Wednesday, February 16, 2011

Creating a Connection with Characters

Recently, a depressed writer friend approached me about her young adult novel. She'd been slaving over it for almost a year, nurturing it into a strong piece of work fit for an agent to claim. The back story had been trimmed up, there was lots of showing versus telling, and she'd cut all the grammer no-no's we writers have been told are naughty things. Her query letter was awesome and two agents requested to see her full manuscript right away.

Sounds like smooth sailing right? Not quite...

See, my friend came to me really upset because one of the agents had passed on the novel. Now if you've been writing or researching the craft of writing, you know that rejection is what you get about 95% of the time. So I told my friend, "Hey, sorry, but you need to toughen up. Rejection is the name of the game."

Then she told me she wasn't really upset about being rejected. It was why she was rejected that bugged her. The agent was extremely complimentary, saying that my friend's work was better than most of the stuff that crosses her desk! She loved the premise and thought the writing was strong, but alas, she didn't connect with the main character. Naturally, my friend freaked out about that because her novel is written in first person through the eyes of that main character.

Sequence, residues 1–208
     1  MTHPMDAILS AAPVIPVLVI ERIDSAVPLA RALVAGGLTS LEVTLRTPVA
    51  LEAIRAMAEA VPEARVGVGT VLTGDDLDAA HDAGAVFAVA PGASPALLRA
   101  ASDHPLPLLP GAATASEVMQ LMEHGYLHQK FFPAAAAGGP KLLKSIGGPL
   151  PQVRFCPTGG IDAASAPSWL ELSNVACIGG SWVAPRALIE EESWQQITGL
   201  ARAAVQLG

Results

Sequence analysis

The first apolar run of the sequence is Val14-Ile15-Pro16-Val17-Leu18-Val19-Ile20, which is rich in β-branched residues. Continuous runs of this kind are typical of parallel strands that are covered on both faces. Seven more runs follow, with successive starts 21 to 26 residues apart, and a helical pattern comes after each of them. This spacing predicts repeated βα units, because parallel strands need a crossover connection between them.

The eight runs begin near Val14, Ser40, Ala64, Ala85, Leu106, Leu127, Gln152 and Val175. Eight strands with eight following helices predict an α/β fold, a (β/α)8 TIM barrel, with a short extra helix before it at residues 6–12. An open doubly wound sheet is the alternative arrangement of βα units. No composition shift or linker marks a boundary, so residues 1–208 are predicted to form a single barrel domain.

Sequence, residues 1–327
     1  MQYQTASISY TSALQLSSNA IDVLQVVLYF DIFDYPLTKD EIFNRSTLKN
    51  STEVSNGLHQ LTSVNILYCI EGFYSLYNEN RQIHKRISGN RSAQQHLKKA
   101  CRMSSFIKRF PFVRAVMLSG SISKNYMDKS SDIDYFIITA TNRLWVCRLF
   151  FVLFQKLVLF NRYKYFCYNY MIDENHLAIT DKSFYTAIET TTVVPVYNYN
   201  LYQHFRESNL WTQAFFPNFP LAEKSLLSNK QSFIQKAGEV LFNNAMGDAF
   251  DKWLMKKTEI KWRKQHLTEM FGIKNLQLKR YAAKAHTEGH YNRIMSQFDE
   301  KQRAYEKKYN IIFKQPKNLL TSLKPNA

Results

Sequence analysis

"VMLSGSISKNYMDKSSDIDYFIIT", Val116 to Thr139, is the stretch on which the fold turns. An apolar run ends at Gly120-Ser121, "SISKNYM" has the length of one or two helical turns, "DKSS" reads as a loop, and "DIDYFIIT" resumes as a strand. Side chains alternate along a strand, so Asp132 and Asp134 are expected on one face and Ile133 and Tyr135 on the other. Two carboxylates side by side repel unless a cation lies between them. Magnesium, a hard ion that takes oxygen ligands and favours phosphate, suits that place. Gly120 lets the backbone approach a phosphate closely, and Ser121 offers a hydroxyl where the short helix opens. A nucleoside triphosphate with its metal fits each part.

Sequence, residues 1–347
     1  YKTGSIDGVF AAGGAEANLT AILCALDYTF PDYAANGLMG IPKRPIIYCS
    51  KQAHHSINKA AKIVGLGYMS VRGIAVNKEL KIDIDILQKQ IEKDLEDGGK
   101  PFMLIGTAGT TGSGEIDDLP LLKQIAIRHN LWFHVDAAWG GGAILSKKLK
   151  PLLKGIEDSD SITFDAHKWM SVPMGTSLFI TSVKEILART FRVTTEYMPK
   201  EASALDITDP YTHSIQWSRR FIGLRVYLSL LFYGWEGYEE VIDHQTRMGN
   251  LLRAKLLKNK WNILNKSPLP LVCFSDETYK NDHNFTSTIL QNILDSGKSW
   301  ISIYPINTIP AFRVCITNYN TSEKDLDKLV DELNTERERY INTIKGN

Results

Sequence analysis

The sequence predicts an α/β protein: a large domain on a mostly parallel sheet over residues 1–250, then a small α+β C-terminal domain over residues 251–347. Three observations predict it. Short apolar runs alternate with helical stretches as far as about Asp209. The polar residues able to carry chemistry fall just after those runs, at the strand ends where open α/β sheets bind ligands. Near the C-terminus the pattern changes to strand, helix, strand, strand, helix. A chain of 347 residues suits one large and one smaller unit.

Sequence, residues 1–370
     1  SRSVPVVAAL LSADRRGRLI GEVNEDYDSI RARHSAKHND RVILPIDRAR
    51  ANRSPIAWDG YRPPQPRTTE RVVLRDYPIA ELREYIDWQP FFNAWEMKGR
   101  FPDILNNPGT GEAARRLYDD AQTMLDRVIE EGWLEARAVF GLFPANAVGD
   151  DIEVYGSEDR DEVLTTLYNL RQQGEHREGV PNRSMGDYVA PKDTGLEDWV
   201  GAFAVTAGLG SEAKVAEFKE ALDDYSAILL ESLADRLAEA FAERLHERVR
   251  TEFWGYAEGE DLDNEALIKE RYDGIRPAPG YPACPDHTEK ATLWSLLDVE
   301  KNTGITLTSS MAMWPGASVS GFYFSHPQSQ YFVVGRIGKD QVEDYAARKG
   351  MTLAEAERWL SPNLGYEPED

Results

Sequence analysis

What should she do? Re-write the whole thing? Scrap the first person? How should she make the connection?

Those are good questions to ponder. After careful consideration, I told her to leave it alone. After all, it is just one person's opinion. Now if she gets the same response repeatedly, then yes, it's probably wise to go back and re-look at things. But for now, holding off on big changes seems the wise choice.

I thought back to several popular books I'd read recently. Truthfully, I didn't always make the connection with the character in some of those. Take the Twilight series. While I think those books are interesting, I don't have much of a connection with Bella Swan. She's too mousy, too reliant on Edward for my taste, and I could never figure out why she picked the cold guy over the warm guy. (Then again, I really hate to be cold so that may have influenced by opinion.) I only finished the series because as a young adult writer I think it's important to read what's selling and support other authors. On the other hand, I read The Hunger Games series and felt very connected to Katniss Everdeen. She explemfied the strong characters I love to read about and always wanted to be as a young adult.

When it comes down to a reader connecting with a character, as a writer I understand that it's important. Your book won't sell if someone doesn't connect with it. On the other hand, this is an incredibly subjective business and not everyone will make a connection. What's important is not to give up on your character!

Any thoughts?


  1. There are ever so many books with characters I don't connect to. Plots I don't connect to. Settings I don't connect to. But an agent connected, and an editor connected, and readers are connecting.

    If one agent expressed concern about the depressed writer's character, but was complimentary about the rest, it seems the writer should re-read the positive comments (and perhaps reduce her depression) and keep submitting. She needs more evidence before making radical changes.

  2. I agree and that's basically what I told her. Writing is so subjective. I submitted my novel, Nephilim, a million times before it found a home.